However, it is difficult to see how ‘all’ protected characteristics can be ‘equally protected’ if you have already instituted ‘self ID’ in the workplace, or among your customers. Quite apart from any issues of increasing exposure to fraud and ID theft, this permits any man to claim he is a woman on his assertion alone. I can see no reference in this response to the nature or degree of consultation, if any, that was carried out with your female employees or your female customers about the impact of this policy on their ability to ‘bring their whole selves to work’ or be confident that their ‘physical, mental and emotional wellbeing’ is protected whilst on your premises.

This is particularly concerning when I look at your ‘gender balance’ policy, which is committed to ensure ‘at least 30% women in our top three leadership layers (c.4,000 roles) in each of our businesses by the end of 2020 and achieve a full gender balance across the bank by 2030.’ What definition of ‘woman’ will you be using to secure this aim? Presumably none whatsoever, as you have already adopted and implemented ‘self ID’ throughout NatWest.

I raised my concerns initially with the Twitter account @NatWest_Help on January 13th 2021 which invited comment via Direct Message. I said:

Dear NatWest. I have been a customer of yours for over 30 years. But given the astonishing content of your recent submission to the WEC about your support for the rights of men to become women on their declaration alone, I will now have to reconsider this position as a matter of urgency. I am particularly worried by the fact your submission could not even bring itself to use the word ‘sex’ or recognise the importance of retaining single sex spaces for the dignity and safety of women and girls. I do not understand why you feel it appropriate or necessary to join the debate in this way.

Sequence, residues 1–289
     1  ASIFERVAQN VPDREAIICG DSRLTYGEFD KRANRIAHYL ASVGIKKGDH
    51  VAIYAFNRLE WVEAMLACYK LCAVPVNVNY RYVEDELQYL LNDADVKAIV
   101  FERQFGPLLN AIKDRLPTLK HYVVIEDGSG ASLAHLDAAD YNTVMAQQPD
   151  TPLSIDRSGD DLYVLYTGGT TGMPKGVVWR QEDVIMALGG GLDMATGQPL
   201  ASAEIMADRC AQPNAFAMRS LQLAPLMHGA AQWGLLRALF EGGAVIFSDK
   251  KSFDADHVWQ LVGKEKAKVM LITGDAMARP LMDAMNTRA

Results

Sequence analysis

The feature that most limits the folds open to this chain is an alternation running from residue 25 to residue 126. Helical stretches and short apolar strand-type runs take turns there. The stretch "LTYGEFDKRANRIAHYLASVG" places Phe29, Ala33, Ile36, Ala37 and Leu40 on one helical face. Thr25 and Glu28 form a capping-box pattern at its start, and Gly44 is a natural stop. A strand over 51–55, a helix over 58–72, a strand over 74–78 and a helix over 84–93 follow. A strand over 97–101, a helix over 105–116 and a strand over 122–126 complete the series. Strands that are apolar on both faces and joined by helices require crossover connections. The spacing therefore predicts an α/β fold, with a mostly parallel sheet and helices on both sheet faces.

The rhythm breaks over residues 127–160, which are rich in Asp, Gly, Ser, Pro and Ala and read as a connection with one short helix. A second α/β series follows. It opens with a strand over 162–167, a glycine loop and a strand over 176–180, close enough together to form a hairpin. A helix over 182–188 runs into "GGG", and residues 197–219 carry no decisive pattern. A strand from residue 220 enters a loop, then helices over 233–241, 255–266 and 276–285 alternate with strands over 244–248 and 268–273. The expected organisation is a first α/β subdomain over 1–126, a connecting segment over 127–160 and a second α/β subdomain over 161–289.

I received a response from ‘Barry’ later that day.

Hello Sarah. We’ve provided input into a consultation on legislation that is currently under review. In doing so, we consulted with our LGBT+ colleagues and took account of our shared value of supporting individuals to bring the best of themselves to work, a privilege often not afforded to Trans* individuals. As an entity, NatWest Group is comfortable to contribute to the consultation, recognising that it is in line with our inclusion principles, one of which is that we do not support views that undermine protected characteristics and/or minority and under-represented groups. It is true that – with inclusion – we cannot always share the same views as each other, but as an organisation, we are comfortable to support our Trans* colleagues and customers this way. ^Barry